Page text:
(Jetsetter-in-Training hack: If you’re planning your Arizona adventure and all the national park lodges are sold out – as they often do months in advance – try calling a few days prior to your arrival and inquiring about last-minute cancellations. It’s worked for me twice!)
Spend the afternoon hitting the Rim Trail or perhaps venturing into the Bright Angel Trail, which winds all the way down to Phantom Ranch at the canyon floor. (Keep in mind that depending on the time of year, it may be too hot to attempt any hiking past noon in the Grand Canyon – and also remember that you can’t get to the bottom of the canyon and back up again in one day.)
In the evening, have your camera handy as you board one of the park’s natural-gas-powered shuttle buses to catch the sunset at Mohave Point or Yavapai Point, two of the best places to take in the spectacular spectrum of color dancing off the canyon ridges. Keep in mind that both spots are extremely popular – if you’re hoping to skirt the crowds, check out Powell Point or Yaki Point.
Head back into the village for dinner at Bright Angel Restaurant and pick up some prickly pear licorice at the gift shop for a sweet treat. Then call it an early night – you’ll need plenty of rest for your final day!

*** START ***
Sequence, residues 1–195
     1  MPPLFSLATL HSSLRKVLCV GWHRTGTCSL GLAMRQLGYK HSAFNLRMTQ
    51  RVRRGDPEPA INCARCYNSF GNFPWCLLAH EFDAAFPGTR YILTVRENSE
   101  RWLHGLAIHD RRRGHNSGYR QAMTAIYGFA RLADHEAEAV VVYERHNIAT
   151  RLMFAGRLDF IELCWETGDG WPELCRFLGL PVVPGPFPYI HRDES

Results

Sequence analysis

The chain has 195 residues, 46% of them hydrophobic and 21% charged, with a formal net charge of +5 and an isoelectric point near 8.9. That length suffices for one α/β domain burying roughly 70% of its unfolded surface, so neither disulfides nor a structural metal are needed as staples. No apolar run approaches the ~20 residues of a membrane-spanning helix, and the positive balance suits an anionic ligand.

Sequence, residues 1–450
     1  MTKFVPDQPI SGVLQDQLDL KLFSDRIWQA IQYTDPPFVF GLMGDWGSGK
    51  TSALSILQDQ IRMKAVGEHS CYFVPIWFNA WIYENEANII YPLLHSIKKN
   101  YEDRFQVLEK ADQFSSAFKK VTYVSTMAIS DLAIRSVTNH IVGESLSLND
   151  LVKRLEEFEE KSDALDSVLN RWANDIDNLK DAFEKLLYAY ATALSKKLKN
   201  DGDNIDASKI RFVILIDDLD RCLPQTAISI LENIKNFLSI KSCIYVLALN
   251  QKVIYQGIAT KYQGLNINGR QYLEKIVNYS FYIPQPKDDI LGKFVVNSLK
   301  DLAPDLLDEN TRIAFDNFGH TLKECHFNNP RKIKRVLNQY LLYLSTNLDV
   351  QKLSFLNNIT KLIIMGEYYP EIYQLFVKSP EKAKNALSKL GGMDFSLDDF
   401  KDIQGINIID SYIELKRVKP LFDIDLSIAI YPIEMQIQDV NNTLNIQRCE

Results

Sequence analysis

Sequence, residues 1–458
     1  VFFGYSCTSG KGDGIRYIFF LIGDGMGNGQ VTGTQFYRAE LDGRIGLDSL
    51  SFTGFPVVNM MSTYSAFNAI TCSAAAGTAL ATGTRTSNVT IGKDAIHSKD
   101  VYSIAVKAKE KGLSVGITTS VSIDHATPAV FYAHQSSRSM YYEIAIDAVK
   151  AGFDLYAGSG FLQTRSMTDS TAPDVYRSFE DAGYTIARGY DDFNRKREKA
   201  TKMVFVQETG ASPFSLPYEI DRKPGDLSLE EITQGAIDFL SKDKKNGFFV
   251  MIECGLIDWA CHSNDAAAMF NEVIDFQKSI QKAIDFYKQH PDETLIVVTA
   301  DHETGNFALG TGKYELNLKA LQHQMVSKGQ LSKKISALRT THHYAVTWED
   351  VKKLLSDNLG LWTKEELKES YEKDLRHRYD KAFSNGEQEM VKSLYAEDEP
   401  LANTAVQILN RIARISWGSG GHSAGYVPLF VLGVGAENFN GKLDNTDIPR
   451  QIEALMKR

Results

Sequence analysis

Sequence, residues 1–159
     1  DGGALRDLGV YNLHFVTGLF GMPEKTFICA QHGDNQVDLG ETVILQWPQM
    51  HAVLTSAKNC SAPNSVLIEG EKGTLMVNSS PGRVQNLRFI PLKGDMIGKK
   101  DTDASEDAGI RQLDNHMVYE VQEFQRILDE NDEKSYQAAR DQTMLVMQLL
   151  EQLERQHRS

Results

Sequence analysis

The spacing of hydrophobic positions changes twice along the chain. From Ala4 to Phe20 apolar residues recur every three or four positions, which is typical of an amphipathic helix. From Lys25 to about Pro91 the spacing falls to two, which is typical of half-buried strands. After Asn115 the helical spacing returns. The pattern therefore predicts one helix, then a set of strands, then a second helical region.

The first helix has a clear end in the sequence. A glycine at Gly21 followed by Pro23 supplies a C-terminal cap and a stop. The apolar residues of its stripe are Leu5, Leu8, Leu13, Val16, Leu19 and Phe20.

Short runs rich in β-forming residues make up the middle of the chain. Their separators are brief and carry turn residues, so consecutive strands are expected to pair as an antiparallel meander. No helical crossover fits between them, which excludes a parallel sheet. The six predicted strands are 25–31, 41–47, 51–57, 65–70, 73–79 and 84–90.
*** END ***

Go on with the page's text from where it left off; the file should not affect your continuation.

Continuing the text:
The last hurrah kicks off with sunrise over the South Kaibab Trailhead. Note that access to the trailhead is restricted to the park’s shuttle buses, which run every 30 minutes before sunrise. Make sure to catch the first bus of the day so you have ample time to take in golden hour.
Once you’ve marveled over the pastel lighting for a while, get your tennies dirty with a morning hike down the South Kaibab Trail. I actually prefer this trail to Bright Angel; though both are the main arteries to the canyon floor, I’ve found that South Kaibab is slightly less trafficked (likely due to its location further from the village). Additionally, its route along ridges provides stunning panoramic views of the canyon, something I feel isn’t as prevalent in Bright Angel.
If you’re visiting during the summer, a good turnaround point is Cedar Ridge, located about 1.5 miles down the South Kaibab Trail and offering postcard views that’ll have you beaming through your breathlessness. If you’re in the Grand Canyon past the summer months, aim to reach Skeleton Point, a 6-mile roundtrip journey that provides the trail’s first glimpse of the Colorado River.
Regardless which turnaround you choose, make sure to hike smart – follow all National Park Service guidelines and study up on any trails you plan to attempt prior to visiting. Be prepared with proper gear, salty snacks, and plenty of water!
A post-sunrise hike will have you out of the canyon just in time for a well-deserved breakfast at Bright Angel Restaurant (Southwest omelette and craft latte, anyone?).